This section is from the book "Arts & Crafts Magazine Vol1-2", by Hutchinson & Company.
This and the companion panel given last month will be effective for a two-fold screen, use strong cream-coloured Harris linen. It is 36 in. wide, and costs is. a yard. This width would cut two panels with very little after allowing for turnings, for each panel should be 17 in. or 18 in. wide. Your material cut out to the proper dimensions, proceed very carefully to transfer on to it the whole of the design, both border and figures, very neatly and clearly. This done, each panel must be stretched in a frame for working. Now, with Japanese or Chinese gold thread, follow the entire design with a couched line, using the gold thread double where the lines are thick. An exquisite effect can he obtained in this manner, which will well repay the trouble of working. The mount lor the screen may he either gilt or of any coloured wood, not too dark, or of coloured plush. It is. of course, admissible to work the outline in anyone colour instead of gold, either in stem stitch or with a couched line, but the result will be far less elegant.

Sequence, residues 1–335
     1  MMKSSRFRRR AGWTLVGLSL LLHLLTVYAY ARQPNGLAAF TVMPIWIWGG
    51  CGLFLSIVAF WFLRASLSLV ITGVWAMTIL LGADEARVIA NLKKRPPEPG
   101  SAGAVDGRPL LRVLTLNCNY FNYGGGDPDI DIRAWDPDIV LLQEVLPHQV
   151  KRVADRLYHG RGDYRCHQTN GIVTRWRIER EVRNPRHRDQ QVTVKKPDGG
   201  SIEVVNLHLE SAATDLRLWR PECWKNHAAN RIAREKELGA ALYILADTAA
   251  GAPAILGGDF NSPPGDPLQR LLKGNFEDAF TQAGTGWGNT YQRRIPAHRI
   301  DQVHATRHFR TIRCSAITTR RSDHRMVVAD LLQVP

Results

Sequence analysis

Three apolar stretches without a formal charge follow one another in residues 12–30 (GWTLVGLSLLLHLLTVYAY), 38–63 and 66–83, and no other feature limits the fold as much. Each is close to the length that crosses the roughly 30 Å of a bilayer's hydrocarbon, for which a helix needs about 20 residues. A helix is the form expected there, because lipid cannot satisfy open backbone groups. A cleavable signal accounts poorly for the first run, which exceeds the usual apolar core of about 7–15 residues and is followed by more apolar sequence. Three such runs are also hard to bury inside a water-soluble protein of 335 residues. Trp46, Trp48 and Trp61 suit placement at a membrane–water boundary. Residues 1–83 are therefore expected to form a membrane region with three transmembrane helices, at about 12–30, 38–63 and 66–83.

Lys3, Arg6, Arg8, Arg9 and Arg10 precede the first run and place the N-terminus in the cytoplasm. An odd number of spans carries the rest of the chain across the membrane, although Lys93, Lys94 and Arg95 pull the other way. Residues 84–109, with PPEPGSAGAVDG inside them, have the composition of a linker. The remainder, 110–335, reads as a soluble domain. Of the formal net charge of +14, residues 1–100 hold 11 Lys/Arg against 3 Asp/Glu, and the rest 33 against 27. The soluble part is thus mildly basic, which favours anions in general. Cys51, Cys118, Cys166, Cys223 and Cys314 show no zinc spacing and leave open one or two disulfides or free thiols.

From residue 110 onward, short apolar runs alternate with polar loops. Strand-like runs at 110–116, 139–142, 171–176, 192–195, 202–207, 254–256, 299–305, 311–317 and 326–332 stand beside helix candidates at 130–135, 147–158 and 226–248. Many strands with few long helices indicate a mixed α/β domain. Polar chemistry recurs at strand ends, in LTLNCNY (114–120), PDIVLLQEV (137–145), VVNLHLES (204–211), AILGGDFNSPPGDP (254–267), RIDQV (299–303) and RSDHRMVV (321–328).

A very rich effect would be got by staining the background with dark oak and the drapery with a rich pink, somewhat after the colouring of Albert Moore's "Blossoms," in the Tate (Gallery. The shading of the drapery must be carefully graduated from deep carmine to the palest tone The hair and floral ornament at the top could be left unstained. The inscription and scroll work at the bottom should be outlined with brown slightly darker than the oak background. 0r. belter still, the background below the figure might be left unstained.
D'Oyley Designs by Mary Perrott.
The ground tor these may be cream-coloured satin, silk, or linen. The flowers should in all cases be worked in their natural colours, with the leaves in light green. The leaves and Mowers should be satin-stitch, the stems in stem-stitch. Filo-floss silk would be most suitable.